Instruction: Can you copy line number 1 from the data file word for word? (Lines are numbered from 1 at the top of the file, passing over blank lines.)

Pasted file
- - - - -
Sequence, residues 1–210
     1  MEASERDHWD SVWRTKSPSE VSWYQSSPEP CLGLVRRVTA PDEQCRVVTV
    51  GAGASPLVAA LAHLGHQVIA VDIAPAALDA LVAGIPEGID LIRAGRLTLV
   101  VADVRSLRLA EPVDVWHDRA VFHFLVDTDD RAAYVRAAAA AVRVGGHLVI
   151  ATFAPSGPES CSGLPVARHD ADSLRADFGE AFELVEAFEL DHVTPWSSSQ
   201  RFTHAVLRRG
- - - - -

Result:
Sequence, residues 1–210